The conclusion of Martin Hunter's Snow-shoes and Snow- shoeing, written around the turn of the century (1900) - from the Nipigon Museum Archives
"There was never any stinting of provisions for these trips by the company, but we, the fellows who "hit the trail", hated like everything to carry an over-abundance. On a journey of 200 or 300 miles, a day's extra grub was taken, but if more was forced on us it was usually cached the first day out, and we abided the consequences."
"It is not generally known that continuous walking on snow-shoes lengthens a man's stride very considerably. I have known men whose usual summer step about the fort would be twenty-nine or thirty inches, to have increased by spring (after considerable tripping on snow-shoes) to thirty-three or thirty-six inches. This lengthening out is imperceptibly acquired and it takes then a month to get back to the short, quick step of the previous year."
"With good footing one gets over distances much quicker and with less fatigue on snow-shoes than he does without them. Men of the North prefer to wear their snow-shoes even on four inches of snow rather than be slipping about with their moccasins only. Four or five inches of snow on a good solid foundation such as ice or frozen muskeg, makes ideal walking, and a young, vigorous man will reel off the miles, three or four an hour and keep it up all day, yes, and for days on end. However, to keep this up one has to eat frequently to have the steam at the right pressure and prevent wear and tear. With trippers on the long trail the custom is to make a fire about every ten miles, or in other words, after walking steadily two and a half or three hours, one wants a little change from putting one foot before the other without ceasing and the body requires refreshment. It is a little bit out of the ordinary to be able to get the inevitable bundle off one's back and potter about boiling tea and frying pork, and then, seated on newly cut boughs before a cheerful blaze, with that relish and gusto one swallows incredible quantities of strong black tea, eats his share (and longs for more) of the fried bacon or pork. And then he and his "pard" alternately dip pieces of galette trans-fixed on the point of their sheath knives into the remaining grease in the frying pan. Grease or sugar is life in the cold woods and is never wasted."
"There is no work so exhausting as tramping on snow-shoes with a pack on one's back. It keeps a man as hard as nails, but in perfect health. A man in our service walked with me for several years. His weight all that time stuck pretty close to 160 pounds while mine varied very little from 145. In due time we both received promotion and our duties no longer required us to leave the posts. As a result he ran his weight up to 225 pounds while mine through the same inactivity has increased to 185."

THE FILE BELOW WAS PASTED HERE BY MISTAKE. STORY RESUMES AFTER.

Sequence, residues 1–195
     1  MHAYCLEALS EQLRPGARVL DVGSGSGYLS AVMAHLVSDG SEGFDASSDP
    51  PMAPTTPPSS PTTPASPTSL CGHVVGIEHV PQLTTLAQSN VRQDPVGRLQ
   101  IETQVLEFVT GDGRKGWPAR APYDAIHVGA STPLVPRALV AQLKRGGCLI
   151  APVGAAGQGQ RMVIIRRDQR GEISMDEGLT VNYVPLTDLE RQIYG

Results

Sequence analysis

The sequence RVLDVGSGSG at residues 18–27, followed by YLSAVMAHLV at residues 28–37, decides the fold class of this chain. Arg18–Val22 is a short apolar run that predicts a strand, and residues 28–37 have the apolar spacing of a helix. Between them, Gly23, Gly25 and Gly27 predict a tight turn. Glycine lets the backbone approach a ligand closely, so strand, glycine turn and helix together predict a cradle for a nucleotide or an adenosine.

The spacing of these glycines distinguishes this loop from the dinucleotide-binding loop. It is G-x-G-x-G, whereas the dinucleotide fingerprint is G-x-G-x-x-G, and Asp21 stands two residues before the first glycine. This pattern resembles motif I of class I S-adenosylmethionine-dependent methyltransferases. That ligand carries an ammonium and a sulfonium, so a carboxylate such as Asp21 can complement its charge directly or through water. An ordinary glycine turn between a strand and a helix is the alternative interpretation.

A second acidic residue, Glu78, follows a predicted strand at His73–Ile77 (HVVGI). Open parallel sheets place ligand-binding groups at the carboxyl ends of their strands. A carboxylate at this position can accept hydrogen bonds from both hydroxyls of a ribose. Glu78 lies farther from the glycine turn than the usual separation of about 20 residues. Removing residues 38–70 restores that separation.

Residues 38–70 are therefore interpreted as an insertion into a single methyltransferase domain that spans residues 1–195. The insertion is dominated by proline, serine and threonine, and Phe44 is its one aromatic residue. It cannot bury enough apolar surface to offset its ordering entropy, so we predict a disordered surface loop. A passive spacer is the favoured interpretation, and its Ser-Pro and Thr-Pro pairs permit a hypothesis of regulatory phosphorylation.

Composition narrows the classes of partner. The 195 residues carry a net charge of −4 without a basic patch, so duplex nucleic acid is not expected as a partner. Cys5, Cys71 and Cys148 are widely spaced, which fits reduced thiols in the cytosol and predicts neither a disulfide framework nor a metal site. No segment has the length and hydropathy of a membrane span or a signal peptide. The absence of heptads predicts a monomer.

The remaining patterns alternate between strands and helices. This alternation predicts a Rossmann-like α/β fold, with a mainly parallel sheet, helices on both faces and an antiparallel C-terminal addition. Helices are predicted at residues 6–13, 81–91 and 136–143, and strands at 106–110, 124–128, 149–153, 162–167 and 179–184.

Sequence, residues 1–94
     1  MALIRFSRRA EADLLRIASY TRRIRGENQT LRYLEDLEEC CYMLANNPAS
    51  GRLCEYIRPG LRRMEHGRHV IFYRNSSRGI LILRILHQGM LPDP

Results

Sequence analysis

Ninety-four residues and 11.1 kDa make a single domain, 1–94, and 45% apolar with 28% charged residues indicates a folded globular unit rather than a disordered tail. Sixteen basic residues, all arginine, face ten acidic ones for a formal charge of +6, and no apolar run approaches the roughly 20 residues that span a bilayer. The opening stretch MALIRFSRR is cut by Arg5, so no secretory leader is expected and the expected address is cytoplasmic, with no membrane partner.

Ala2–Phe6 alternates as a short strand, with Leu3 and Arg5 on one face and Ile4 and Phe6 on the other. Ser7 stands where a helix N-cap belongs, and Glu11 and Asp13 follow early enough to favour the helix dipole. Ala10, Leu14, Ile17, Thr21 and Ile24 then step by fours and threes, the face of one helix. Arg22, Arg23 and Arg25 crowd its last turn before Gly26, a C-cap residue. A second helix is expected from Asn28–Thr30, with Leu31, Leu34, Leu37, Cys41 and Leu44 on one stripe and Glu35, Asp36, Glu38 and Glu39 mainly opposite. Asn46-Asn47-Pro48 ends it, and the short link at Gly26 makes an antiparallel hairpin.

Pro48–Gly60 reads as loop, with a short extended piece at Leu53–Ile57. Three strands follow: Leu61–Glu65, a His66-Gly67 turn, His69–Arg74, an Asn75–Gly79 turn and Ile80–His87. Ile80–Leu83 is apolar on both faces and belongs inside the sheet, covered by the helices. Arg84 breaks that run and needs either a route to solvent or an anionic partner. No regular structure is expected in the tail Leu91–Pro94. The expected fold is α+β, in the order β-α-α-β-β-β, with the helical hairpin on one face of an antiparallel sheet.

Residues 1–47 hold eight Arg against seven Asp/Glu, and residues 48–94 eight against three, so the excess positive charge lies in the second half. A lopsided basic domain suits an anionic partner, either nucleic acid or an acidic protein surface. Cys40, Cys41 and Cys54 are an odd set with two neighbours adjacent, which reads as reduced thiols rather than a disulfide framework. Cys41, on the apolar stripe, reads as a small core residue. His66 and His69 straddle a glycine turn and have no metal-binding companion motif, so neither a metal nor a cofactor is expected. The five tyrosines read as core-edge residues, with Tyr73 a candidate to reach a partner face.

"Yes, snow-shoes are of the first importance in the North country. Without them thousands would die of starvation and as so much depends on their being good and durable, the best are none too good."
Tying the Snow-Shoe
"I have omitted the tying of the snow-shoe to the feet. There are several ways of doing this and each tribe of Indians thinks its mode the best. The Montagnais Indians use no bridle for the toe, but merely pass one end of the string over the toe and through the post-hole of the other side. If the string's slack they merely loop the whole string over the toe piece and keep rolling until they have it short enough, or slack it if too tight. The Algonquins have a separate piece of leather for the bridle and it is laced in and out of the meshes of the main knitting each side of the toe-hole, and left slack enough where the toe goes in to allow of three fingers on edge being introduced beneath it. The snow-shoe string proper ought to be five feet long and three-quarters of an inch broad. Thick dressed moose hide is what is generally used, as once it is thoroughly stretched it remains so. Dressed caribou skin is used by the interior Indians, but it is not satisfactory, stretching to all lengths when wet and shrinking tight up to the feet with the frost toward evening. The best strings I ever used were strips of well dressed calfskin such as is used for uppers of boots. Once I had them adjusted they remained so for months without altering; frost or mild weather had no effect on them."
"To make the tie, place the toe under the bridle and draw the two long strands of the main string up through the post-holes until the loop sets comfortably on top of the heel under the ankle bone; pass the left side over to the right in front, passing the end under the bridle; take the right-hand side string and pass its end under the left-hand strand and on top of the bridle - this makes them crisscross with the bridle engaging the two. The strands are then looped one on each side of the foot, a little back of the band and the two ends carried and tied behind the foot out of the way."
"It is a great comfort to have one's snow-shoe strings so that one can slip the foot in and out in a moment without using the fingers in bitter cold weather. It is not necessary to tie and untie each time the shoe is put on or taken off. To take off, stand one snow-shoe on the other, bend the knee forward and the toes at the same time. With this action the front part of the foot will readily slip out sideways from the bridle and the whole foot slip from the double loop. The shoe is put on in the same way reversed."